The retire mechanism 52 receives executed instructions (preferably, two 32-bit words per cycle) from each of the queues 38a, 38b. The retire mechanism 52 commits the instruction results to the architecture state. When the retire mechanism 52 commits an instruction's results to the architecture state or when the retire mechanism 52 ignores the results of an instruction that has been nullified in one of the queues 38a, 38b, then the retire mechanism 52 is said to have "retired" the instruction. The software 18 (FIG. 1) is not made aware of any results that are not transformed to the architecture state by the retire mechanism 52. The retire mechanism 52 retires the instructions in the queues 38a, 38b in the program order defined by the software 18 by moving the instruction results to a GR 46 and/or a control register 72, as indicated by respective reference arrows 73, 74, depending upon the instruction's attributes, and causes the results of the instructions to be passed from the RRs 44a, 44b to the GRs 46, as indicated by the reference arrows 76a, 76b.

With regard to arithmetic instruction execution, the integer and floating point data paths 82, 84 of the instruction fetch/execution system 12 of FIG. 2 are illustrated in FIG. 3. As shown in FIG. 3, arithmetic instructions from the aqueue 38a are broadcast to the integer data path 82 and the floating point data path 84, as indicated by reference arrows 86a, 86b, respectively. One of the data paths 82, 84 operates upon the arithmetic instruction, depending upon whether the instruction involves an integer operation or a floating point operation.

In the preferred embodiment, more than one, preferably two, instructions are forwarded to the integer data path 82 as well as the floating point data path 84 during each cycle. Accordingly, two ALUs 42' are present in the integer data path 82 and two MACs 42" are present in the floating point data path 83 for concurrently executing respective instructions.

In the case of an arithmetic instruction dealing with an integer operation, the instruction is executed by an ALU 42'. When each ALU 42' processes its respective instruction, the ALU 42' reads up to two operands from the GRs 46 and/or the RRs 44 as indicated by reference arrows 88a, 88b. The ALU 42' then operates upon the operands to generate a result that is written to, or forwarded to, the aqueue RRs 44a, as indicated by reference arrow 92.

In the case of a floating point arithmetic instruction, the instruction is forwarded to the MAC 42". When each MAC 42" processes an instruction, the MAC 42" reads up to three operands from the GRs 46 and/or the RRs 44, as indicated by reference arrow 57. The MAC 42" then operates upon the operands and generates a result that is written to, or forwarded to, the aqueue RRs 44a, as indicated by reference arrow 96.

III. Operand Dependency Tracking System

The operand dependency tracking system 10 and associated methodology tracks operand dependencies in an out of order processor 14 that permits multiple precision data words.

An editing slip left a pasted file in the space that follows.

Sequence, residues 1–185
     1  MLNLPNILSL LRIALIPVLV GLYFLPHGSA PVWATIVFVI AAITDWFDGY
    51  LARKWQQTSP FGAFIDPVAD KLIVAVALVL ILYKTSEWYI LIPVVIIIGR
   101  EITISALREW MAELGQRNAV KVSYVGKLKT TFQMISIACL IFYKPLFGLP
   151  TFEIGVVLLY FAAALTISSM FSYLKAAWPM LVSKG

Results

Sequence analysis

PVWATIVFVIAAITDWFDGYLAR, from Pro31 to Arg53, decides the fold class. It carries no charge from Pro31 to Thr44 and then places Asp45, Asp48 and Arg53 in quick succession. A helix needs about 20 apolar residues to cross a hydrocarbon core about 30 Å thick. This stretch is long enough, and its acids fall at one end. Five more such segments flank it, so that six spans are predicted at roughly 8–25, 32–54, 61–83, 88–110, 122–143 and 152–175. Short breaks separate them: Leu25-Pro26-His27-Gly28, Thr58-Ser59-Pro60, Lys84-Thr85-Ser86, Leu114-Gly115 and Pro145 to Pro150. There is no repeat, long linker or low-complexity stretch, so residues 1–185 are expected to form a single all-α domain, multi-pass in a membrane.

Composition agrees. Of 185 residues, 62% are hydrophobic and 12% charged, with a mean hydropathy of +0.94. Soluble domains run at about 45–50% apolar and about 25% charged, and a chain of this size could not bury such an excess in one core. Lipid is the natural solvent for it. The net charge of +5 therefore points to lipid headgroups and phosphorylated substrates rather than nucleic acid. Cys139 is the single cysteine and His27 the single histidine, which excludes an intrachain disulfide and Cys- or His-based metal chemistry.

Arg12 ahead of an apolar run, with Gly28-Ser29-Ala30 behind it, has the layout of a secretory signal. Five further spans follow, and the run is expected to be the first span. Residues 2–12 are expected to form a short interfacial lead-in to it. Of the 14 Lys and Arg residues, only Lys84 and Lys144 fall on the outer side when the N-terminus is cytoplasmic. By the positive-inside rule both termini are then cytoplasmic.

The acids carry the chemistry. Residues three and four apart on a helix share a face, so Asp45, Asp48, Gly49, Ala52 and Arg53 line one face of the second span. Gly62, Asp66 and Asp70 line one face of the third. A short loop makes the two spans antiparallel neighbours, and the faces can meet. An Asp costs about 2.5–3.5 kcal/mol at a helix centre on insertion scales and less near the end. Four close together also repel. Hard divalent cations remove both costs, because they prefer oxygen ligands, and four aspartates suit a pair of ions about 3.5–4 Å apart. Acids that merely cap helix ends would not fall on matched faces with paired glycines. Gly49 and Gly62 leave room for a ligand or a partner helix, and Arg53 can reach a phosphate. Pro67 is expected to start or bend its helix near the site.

Generally, as shown in FIG. 4, the operand dependency tracking system 10 (FIG. 1) is implemented in the instruction fetch/execution system 12 within in connection 14 in connection with execution of floating point instructions. However, it should be understood that the system 10 and related methodology can be utilized in connection with any type of instruction that operates upon registers that may contain multiple precision values. Referring to FIG. 4, the operand dependency tracking system 10 of the preferred embodiment includes abort logic 54 (FIG. 5) associated with the fp data stream to the MAC 42", launch control logic (FIG. 6) within each aslot 39a in communication with the abort logic 54, and one or more operand dependency logic mechanisms 53 (FIG. 7) situated within each aslot 39a and in communication with the launch control logic 55.

In operation, each operand of a local instruction is assigned to a respective operand dependency logic 53. The operand dependency logic 53 detects when its corresponding operand is dependent upon a remote producer instruction and prevents the local instruction from launching until the remote producer instruction launches. In this regard, each operand dependency logic 53 produces a valid dependency (valdep) signal 59, which is deasserted by being precharged high during insert of an instruction, for the launch control logic 55 to indicate whether or not its respective operand is cleared.

After the local dependent instruction is permitted to launch based upon deasserted valdep signals 59a-59b, a multiple precision data word 57 that includes multiple data portions is retrieved from either the RRs 44 or the GRs 46 pursuant to the local dependent instruction. If the data come from the RRs 44, then the transfer occurs irrespective of whether the producer instruction corresponding with the dependent instruction has provided the desired data portion(s) to the RRs. In other words, a producer instruction modifies a portion(s) of the operand registers in the RRs 44 that the local instruction is dependent upon, but the producer instruction may not modify the portion(s) that the local instruction needs.